Section 4(e) pertains to the issuance, subject to certain exceptions and conditions, of licenses for the purpose of constructing, operating and maintaining dams, water conduits, reservoirs, power houses, transmission lines, or other project works necessary or convenient for the development and improvement of navigation and for the development, transmission and utilization of power across, along, from, or in any of the streams or other bodies of water over which Congress has jurisdiction under the Commerce Clause of the Constitution, or upon any of the public lands and reservations of the United States, or for the purpose of utilizing water or water power from any Government dam
Section 15 pertains to the issuance of renewal licenses or new licenses for project works concerning which a license was previously issued but has expired.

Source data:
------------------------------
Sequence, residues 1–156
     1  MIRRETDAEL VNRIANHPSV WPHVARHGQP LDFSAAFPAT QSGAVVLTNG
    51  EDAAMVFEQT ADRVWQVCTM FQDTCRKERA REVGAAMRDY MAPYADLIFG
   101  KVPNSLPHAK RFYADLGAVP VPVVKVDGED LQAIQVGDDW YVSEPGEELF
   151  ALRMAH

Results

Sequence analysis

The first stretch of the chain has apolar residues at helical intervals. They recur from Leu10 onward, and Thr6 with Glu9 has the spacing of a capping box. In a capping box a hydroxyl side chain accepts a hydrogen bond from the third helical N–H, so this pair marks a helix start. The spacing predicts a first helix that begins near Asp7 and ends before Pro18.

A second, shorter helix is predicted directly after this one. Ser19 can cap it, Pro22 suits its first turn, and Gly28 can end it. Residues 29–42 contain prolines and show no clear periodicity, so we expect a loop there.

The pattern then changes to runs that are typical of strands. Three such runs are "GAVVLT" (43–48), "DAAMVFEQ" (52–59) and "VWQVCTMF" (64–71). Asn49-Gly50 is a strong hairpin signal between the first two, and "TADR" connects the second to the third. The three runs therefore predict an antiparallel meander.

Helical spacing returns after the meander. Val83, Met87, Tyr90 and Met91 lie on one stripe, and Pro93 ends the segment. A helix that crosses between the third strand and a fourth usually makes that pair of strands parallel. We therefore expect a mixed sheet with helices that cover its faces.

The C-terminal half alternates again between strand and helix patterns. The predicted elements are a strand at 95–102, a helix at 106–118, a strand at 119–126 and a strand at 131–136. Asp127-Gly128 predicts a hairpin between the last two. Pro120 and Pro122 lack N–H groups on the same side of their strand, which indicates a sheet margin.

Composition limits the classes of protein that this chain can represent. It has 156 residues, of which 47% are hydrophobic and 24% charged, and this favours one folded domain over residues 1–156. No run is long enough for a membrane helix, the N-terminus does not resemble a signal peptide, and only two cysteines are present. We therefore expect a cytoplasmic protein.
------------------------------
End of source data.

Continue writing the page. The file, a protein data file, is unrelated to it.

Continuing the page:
We use "Portland" to indicate not only the present company, but its predecessors
Article 10 of this license reads:
"Article 10. The rights of the Licensees, and of their tranferees, customers, and successors covered by this license, for the purpose of maintaining the project works or otherwise, shall absolutely cease at the end of the period thereof, unless a new license shall be issued pursuant to then existing laws and regulations."
Although not stated in the application, this capacity had actually been reduced to 4,890 kilowatts by 1950
Articles 9 and 10 of the tendered license read:
"Article 9. Whenever the United States shall desire to construct, complete, or improve navigation facilities in connection with the project, the licensee shall convey to the United States, free of cost, such of its lands and its rights-of-way and such right of passage through its dams or other structures, and permit such control of pools as may be required to complete and maintain such navigation facilities.